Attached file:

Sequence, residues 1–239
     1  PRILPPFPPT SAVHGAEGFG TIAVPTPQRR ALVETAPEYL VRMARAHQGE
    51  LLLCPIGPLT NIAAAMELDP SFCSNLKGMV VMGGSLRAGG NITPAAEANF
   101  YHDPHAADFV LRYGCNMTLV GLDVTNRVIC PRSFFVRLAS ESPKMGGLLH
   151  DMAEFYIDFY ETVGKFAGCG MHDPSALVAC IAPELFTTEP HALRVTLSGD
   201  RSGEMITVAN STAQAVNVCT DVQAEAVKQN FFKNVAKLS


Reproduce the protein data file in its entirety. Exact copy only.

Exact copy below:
Sequence, residues 1–239
     1  PRILPPFPPT SAVHGAEGFG TIAVPTPQRR ALVETAPEYL VRMARAHQGE
    51  LLLCPIGPLT NIAAAMELDP SFCSNLKGMV VMGGSLRAGG NITPAAEANF
   101  YHDPHAADFV LRYGCNMTLV GLDVTNRVIC PRSFFVRLAS ESPKMGGLLH
   151  DMAEFYIDFY ETVGKFAGCG MHDPSALVAC IAPELFTTEP HALRVTLSGD
   201  RSGEMITVAN STAQAVNVCT DVQAEAVKQN FFKNVAKLS